- Assert self, such as by saying no, stating preferences for people or activities, and wanting to do something independently.
- Show ownership of objects, such as by saying “mine!” and refusing to share.
- Express feelings and emotions, such as pleasure, interest, surprise, excitement, and complaints, both verbally and nonverbally.
- Show pride in accomplishments, such as by saying, “Watch me!” “I did it!,” and clapping.
Language and Communication
Language and communication are critical to children’s ability to learn, work, and play with others. Children communicate in a variety of ways, including eye gaze, gestures, sounds, and words. Children begin to understand language conveyed through facial expressions, gestures, pictures, and words. It is imperative that children of all ability levels are exposed to language-rich environments.
Children’s specific needs vary according to their individual delays and effects of their disabilities. Alternate strategies are needed when communicating with children who are nonverbal, have language delays, or who are English Language Learners (ELL). Augmentative and alternative communication (AAC) systems may be used to facilitate communication, and include sign language, voice output devices, and a choice board. Interventions may be developed to provide additional support for understanding language, such as peer models, visual supports for sequencing tasks and routines, and cue cards. Collaboration among teachers, service providers, and families is essential to ensure that interventions are consistently provided.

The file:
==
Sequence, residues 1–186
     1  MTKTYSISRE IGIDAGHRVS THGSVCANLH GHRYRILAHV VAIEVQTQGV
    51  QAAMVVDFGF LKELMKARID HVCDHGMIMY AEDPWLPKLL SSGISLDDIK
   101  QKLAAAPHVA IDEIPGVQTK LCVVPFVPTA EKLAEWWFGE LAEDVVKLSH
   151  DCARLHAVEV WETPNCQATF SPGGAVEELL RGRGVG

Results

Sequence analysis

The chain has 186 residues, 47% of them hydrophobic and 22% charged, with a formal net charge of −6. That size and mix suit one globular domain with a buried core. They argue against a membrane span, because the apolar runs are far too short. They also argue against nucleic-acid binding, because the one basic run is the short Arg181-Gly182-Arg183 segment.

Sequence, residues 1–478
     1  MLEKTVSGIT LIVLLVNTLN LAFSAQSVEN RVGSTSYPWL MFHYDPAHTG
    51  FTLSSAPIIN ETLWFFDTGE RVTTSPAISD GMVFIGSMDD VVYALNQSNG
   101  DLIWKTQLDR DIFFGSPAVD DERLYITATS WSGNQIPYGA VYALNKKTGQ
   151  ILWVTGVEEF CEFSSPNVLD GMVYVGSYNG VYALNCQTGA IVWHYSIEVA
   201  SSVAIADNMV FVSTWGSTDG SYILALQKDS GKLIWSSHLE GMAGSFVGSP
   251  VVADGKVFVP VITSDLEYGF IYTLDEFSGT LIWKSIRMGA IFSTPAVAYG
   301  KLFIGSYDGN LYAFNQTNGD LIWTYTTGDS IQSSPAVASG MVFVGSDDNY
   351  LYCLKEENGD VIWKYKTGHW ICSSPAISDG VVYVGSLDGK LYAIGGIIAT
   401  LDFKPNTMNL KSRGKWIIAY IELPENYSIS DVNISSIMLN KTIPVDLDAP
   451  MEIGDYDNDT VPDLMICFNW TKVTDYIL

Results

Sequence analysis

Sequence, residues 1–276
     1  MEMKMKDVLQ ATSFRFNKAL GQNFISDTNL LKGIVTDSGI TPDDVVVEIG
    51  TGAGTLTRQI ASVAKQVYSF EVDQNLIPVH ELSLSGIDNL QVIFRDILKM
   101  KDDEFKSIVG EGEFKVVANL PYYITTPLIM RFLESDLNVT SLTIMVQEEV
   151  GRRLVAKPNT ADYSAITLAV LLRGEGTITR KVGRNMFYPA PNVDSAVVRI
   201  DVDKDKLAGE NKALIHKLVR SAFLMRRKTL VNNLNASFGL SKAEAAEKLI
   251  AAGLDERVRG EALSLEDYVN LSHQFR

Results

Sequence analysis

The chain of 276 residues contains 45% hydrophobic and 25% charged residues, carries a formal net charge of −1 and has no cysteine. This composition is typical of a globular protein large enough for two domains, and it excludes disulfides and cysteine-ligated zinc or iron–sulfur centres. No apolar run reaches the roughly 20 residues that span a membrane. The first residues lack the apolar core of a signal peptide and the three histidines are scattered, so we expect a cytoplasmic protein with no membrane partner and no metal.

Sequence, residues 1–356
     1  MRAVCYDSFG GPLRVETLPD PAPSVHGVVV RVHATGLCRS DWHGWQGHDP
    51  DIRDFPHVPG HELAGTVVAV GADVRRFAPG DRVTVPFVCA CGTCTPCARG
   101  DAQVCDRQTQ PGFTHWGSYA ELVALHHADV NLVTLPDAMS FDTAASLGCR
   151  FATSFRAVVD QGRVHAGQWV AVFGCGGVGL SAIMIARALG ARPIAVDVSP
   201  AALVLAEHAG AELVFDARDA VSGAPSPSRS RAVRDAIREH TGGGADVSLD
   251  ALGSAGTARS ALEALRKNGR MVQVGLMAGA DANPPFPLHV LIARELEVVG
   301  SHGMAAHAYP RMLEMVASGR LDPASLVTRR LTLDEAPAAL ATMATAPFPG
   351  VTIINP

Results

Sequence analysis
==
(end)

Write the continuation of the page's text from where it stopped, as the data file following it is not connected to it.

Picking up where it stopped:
Listening and Understanding
- Respond to voices, facial expressions, and gestures of others.
- Respond to simple questions and requests, such as “Do you want up?” “Give me your… ,” and “Show me your nose.”
- Respond to words intended to inhibit behavior, such as “stop,” “wait,” and “get down.”
Communicating and Speaking
- Use sounds and gestures consistently as signals for hunger, distress, or attention, such as crying, cooing, babbling.
- Engage in reciprocal communication, such as imitating sounds and playing peek-a-boo.
- Associate gestures and sounds with actions, objects, and people, such as pointing and pulling, and saying mama, dada, and out.
- Say basic words or use specific gestures to communicate needs and wants, such as waving bye-bye and saying juice, no, and truck.
- Use two- and three-word combinations to communicate a variety of wants and needs.
- Engage in basic conversation, such as asking questions, answering questions, and commenting.
- Begin to use increasingly complex vocabulary and grammar in context.
- Attend to a short book, nursery rhyme, or song, such as This Little Piggy, Wheels on the Bus, and Where is Thumbkin?
- Look at pictures in a book.
- Hold a book and turn pages.
- Pat or point to pictures in a book when requested, such as “Show me the dog.”
- Join in a nursery rhyme or predictable story, such as Brown Bear, Brown Bear.
- Request to be read to by bringing book to adult or holding a favorite book.
- Use writing or drawing tools to make scribbles.
- Make purposeful marks on paper, such as lines, circles, and smiley faces.
- Use scribbles, marks, and drawings to convey messages, such as verbally identifying what they draw and pretending to write a note.
Cognition involves receiving, processing, and organizing information perceived through the senses and using the information appropriately. Play is the primary means through which young children build their cognitive abilities. Play should reflect the developmental level of children and facilitated by the adults around them. Cognitive skills provide the foundation for developing academic skills.
Exploration and Discovery
- Explore objects and people using multiple senses, such as reaching to touch and putting in mouth.
- Explore objects using multiple schemes, such as first exploring, the repeating patterns of behaviors that are more deliberate and purposeful.
- Use objects in a purposeful way, such as stacking objects, pushing a car, and rolling a ball.